A pretty Georgian house in Edinburgh's Haymarket district isn't the sort of place you'd expect to find conversation about how to combat a South American Socialist president. Nor for that matter would you expect to find the walls adorned with the communist symbols of the Chinese government. But number 20 Atholl Crescent is home to the Scotch Whisky Association and looks can be deceptive. Calm and sedate it might be on the outside but within it's a power house of quiet but intense international activity.
Normally Atholl Crescent is part of a tranquil leafy suburb comprising church spires, war memorials, and stylish period houses though for the next year or so it's also a major building site and any semblance of normality has been shattered by pneumatic drills and heavy machinery as the streets of the capital are ripped up and a new tram system is installed. The noise of the building work is constant and intrusive, and over recent weeks has made access to the Association difficult.
But the people who work here have dealt with the inconvenience in exactly the same way they have dealt with a myriad of world problems including feisty South American presidents, with stoic resolution and calm determination. You get the feeling that nothing rattles them.
So why are we here? The truth be told, there's nothing very sexy about The Scotch Whisky Association. When I mentioned that I was planning to spend some time with the Association, three different people said 'good luck'. Why? The answer probably lies in the fact that the SWA represents the least glamorous end of the world of whisky. If the industry is a gleaming pub packed with exciting drink offerings, this is the cellar - cold and a little sterile, all concrete and piping. But it's the engine room that keeps the offerings on the bar flowing and without it there would be few drinks for us to choose between and what there were would taste vastly inferior to the current choice.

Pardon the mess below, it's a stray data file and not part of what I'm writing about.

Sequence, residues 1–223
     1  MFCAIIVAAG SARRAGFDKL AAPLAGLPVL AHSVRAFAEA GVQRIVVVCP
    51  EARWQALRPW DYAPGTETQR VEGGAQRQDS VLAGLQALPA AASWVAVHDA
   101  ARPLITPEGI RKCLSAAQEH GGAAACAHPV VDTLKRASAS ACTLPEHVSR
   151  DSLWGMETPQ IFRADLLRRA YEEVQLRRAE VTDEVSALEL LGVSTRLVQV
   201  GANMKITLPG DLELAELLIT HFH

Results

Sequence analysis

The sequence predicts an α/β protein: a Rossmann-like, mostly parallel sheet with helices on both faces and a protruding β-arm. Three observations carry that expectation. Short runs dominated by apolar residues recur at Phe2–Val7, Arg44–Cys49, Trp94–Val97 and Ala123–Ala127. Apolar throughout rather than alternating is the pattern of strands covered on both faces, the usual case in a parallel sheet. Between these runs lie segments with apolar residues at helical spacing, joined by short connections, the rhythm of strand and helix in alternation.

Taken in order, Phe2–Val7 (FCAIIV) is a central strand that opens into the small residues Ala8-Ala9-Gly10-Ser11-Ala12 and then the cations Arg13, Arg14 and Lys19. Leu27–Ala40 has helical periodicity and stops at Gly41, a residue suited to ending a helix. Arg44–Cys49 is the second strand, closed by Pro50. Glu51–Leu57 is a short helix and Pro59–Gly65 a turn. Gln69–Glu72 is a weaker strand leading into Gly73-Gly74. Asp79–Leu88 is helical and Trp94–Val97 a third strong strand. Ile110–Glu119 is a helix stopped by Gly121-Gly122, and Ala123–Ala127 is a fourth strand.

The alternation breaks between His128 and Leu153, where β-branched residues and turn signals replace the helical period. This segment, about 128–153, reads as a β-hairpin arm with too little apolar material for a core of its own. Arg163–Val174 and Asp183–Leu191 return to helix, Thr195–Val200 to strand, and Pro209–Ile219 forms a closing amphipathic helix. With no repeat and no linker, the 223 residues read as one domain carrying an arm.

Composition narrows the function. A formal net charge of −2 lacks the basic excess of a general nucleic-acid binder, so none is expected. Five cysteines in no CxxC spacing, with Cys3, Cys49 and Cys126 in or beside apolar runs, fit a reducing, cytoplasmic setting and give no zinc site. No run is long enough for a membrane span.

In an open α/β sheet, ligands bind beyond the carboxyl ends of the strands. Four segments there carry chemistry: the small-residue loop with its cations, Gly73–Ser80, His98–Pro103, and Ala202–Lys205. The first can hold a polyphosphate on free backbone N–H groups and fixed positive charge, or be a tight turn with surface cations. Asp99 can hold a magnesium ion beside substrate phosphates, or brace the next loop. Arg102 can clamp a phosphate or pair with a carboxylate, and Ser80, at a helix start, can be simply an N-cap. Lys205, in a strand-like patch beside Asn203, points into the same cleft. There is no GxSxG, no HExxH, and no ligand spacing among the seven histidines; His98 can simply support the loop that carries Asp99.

The public perception of the Association is of an organisation that pops up at British Budget time to decry the latest round of tax increases on whisky, at party political conference season, and occasionally to hammer some poor unfortunate foreign distillery that has a name that sounds vaguely Scottish. Occasionally a journalist gets interested in the Association's 'wall of shame', a collection of counterfeit whiskies bearing Scottish names and imagery and sold by cowboys in a any number of countries across the world . Most of the time, though, the Association is out of the public eye.
But these are trying and testing times for the Association and it faces a number of challenges. The alcohol industry is under intense scrutiny in general and the pressure is mounting on all related parties to monitor themselves or face censure; the worldwide demand for Scotch and the on going recession increase the likelihood of counterfeiting; the number of emerging and potentially lucrative markets have yet to even define what whisky is, let alone Scotch; and environmental issues demand a focused and positive industry response.
All of this makes up what happens on a daily basis in Atholl Crescent.